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A History Of The Church In Nine Books by Sozomen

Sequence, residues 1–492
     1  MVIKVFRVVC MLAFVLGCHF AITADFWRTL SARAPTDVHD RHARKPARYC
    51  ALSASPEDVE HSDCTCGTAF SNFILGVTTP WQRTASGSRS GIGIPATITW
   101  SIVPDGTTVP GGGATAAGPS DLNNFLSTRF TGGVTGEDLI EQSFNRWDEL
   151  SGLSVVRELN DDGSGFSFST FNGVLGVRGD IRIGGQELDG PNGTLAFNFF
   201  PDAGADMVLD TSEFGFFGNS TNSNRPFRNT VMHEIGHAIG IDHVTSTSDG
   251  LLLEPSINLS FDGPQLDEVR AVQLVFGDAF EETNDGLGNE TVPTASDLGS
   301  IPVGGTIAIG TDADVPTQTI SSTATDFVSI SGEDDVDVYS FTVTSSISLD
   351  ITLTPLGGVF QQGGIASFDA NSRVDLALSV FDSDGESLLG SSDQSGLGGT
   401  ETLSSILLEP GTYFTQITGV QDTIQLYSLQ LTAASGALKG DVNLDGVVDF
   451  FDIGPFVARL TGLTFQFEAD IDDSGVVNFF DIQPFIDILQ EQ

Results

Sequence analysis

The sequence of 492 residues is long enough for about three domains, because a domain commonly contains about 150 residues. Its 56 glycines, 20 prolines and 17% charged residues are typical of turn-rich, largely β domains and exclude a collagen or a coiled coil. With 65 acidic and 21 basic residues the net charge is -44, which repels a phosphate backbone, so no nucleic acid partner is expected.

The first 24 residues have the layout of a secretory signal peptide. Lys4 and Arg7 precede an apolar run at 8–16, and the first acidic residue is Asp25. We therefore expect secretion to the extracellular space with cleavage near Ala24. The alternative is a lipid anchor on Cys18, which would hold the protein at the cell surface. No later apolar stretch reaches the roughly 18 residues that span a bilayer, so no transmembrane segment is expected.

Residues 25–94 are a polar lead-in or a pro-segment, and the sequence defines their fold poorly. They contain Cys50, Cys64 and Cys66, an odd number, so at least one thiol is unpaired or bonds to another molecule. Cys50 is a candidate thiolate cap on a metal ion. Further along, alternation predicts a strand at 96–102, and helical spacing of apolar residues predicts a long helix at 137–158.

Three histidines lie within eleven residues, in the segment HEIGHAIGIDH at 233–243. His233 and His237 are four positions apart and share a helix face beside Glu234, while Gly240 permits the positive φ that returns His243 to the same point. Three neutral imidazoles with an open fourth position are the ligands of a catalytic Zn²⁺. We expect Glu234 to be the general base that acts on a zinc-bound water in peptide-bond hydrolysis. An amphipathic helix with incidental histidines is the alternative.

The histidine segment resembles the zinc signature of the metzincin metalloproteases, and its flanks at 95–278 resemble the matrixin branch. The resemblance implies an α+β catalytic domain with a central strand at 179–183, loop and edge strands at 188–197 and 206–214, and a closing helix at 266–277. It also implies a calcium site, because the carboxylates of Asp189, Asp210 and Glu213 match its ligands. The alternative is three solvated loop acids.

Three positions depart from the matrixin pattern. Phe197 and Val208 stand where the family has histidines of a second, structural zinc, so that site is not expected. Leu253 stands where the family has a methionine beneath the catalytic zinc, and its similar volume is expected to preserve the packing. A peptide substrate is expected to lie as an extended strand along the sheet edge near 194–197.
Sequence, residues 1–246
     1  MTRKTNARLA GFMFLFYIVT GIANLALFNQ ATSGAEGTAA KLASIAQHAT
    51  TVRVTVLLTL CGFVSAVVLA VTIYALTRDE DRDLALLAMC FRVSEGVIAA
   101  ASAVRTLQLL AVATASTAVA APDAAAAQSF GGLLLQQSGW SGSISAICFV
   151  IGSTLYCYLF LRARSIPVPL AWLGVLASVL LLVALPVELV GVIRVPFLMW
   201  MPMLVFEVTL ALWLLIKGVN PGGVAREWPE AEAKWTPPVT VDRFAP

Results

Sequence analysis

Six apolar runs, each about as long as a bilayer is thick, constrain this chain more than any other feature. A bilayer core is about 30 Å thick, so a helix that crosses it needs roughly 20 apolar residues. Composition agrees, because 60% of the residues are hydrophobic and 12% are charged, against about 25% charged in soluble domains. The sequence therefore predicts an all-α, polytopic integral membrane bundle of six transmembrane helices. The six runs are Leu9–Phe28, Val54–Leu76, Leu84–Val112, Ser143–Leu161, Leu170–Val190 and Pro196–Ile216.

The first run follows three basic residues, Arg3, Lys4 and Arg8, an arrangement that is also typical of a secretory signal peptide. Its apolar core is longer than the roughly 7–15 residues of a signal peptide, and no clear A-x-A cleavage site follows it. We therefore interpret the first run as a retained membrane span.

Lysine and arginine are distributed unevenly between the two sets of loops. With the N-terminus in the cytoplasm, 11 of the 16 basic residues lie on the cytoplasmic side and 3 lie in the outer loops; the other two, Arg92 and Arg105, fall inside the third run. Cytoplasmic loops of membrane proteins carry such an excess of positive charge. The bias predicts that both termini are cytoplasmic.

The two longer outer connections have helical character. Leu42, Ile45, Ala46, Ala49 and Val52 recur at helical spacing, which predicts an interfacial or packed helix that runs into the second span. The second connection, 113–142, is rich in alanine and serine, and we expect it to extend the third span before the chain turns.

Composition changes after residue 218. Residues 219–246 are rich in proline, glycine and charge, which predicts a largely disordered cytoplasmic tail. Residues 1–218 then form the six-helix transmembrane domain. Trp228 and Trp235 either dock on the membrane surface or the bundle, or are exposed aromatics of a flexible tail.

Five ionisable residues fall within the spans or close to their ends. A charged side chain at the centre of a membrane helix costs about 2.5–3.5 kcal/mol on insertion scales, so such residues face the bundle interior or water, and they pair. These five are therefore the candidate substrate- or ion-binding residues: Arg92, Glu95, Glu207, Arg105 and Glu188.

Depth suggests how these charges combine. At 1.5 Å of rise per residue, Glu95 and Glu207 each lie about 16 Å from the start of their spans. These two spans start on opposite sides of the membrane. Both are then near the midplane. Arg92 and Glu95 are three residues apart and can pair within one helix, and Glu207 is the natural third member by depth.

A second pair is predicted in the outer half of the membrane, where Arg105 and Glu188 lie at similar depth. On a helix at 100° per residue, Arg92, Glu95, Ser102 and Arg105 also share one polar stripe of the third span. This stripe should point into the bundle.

ABOUT this period, the head of John the Baptist, which Herodias had asked of Herod the tetrarch, was removed to Constantinople. It is said that it was discovered by some monks of the Macedonian persuasion, who originally dwelt at Constantinople, and afterwards fixed their abode in Cilicia. Mardonius, the first eunuch of the palace, made known this discovery at Court, during the preceding reign; and Valens commanded that the relic should be removed to Constantinople. The officers appointed to convey it thither, placed it in a public chariot, and proceeded with it as far as Pantichium, a district in the territory of Chalcedonia. Here the mules of the chariot suddenly stopped; and neither the application of the lash, nor any of the other means that were devised, could induce them to advance further. So extraordinary an event was considered by all, and even by the emperor himself, to be of God; and the holy head was therefore deposited at Cosila, a village in the neighbourhood, which belonged to Mardonius. Soon after, the Emperor Theodosius, impelled by an impulse from God, or from the prophet, repaired to the village. He determined upon removing the remains of the Baptist, and it is said met with no opposition, except from a holy virgin, who had been entrusted with the care of the relic. He laid aside all authority and force, and after many entreaties, extorted a reluctant consent from her to remove the head; for she bore in mind what had occurred at the period when Valens commanded its removal. The emperor placed it, with the box in which it was encased, in his purple robe, and conveyed it to a place called Hebdoma, in the suburbs of Constantinople, where he erected a spacious and magnificent church. The woman who had been appointed to the charge of the relic, could not be persuaded by the emperor to renounce her religious sentiments, although he had recourse to entreaty and promises; for she was, it appears, a Macedonian. A presbyter of the same sect, named Vincent, who also took charge of the remains of the prophet, and performed the sacerdotal functions, followed the religious opinions of the emperor, and entered into communion with the Catholic Church. He had taken an oath, as the Macedonians affirm, never to swerve from the doctrines of his religion; but he afterwards openly declared, that if the Baptist would follow the emperor, he also would enter into communion with him. He was a Persian, and had left his country in company with a relative named Abdus, during the reign of Constantius, in order to avoid the persecution which the Christians were then suffering in Persia. On his arrival in the Roman territories he was placed in the ranks of the clergy, and appointed a presbyter. Abdus married, and rendered great services to the church. He left a son named Auxentius, who was noted for his piety, his benevolence, the sanctity of his life, and the greatness of his attainments in Grecian and ecclesiastical literature. He was modest and retiring in deportment, although admitted to familiarity with the emperor and the courtiers, and possessed of a very illustrious appointment. His memory is still revered by the monks and ascetics, who were well acquainted with him. The woman who had been entrusted with the relic, remained during the rest of her life at Cosila. She was greatly distinguished by her piety and wisdom, and instructed many holy virgins, and I have been assured that even at the present day, their virtue reflects honour on their instructress.








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